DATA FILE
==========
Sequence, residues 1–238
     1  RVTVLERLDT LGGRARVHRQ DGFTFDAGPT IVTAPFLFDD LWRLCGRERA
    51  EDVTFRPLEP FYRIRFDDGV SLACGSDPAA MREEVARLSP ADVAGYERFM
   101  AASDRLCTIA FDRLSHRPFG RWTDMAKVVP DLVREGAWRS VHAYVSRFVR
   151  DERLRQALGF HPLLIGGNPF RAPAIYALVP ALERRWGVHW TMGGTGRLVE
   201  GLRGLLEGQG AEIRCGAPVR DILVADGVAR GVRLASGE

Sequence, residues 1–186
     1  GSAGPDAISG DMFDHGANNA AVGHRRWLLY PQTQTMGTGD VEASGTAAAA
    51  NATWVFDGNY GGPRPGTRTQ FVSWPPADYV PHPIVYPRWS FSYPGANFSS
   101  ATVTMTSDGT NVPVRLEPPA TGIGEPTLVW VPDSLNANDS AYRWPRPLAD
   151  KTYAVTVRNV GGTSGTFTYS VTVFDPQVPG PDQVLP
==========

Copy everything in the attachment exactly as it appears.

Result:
Sequence, residues 1–238
     1  RVTVLERLDT LGGRARVHRQ DGFTFDAGPT IVTAPFLFDD LWRLCGRERA
    51  EDVTFRPLEP FYRIRFDDGV SLACGSDPAA MREEVARLSP ADVAGYERFM
   101  AASDRLCTIA FDRLSHRPFG RWTDMAKVVP DLVREGAWRS VHAYVSRFVR
   151  DERLRQALGF HPLLIGGNPF RAPAIYALVP ALERRWGVHW TMGGTGRLVE
   201  GLRGLLEGQG AEIRCGAPVR DILVADGVAR GVRLASGE

Sequence, residues 1–186
     1  GSAGPDAISG DMFDHGANNA AVGHRRWLLY PQTQTMGTGD VEASGTAAAA
    51  NATWVFDGNY GGPRPGTRTQ FVSWPPADYV PHPIVYPRWS FSYPGANFSS
   101  ATVTMTSDGT NVPVRLEPPA TGIGEPTLVW VPDSLNANDS AYRWPRPLAD
   151  KTYAVTVRNV GGTSGTFTYS VTVFDPQVPG PDQVLP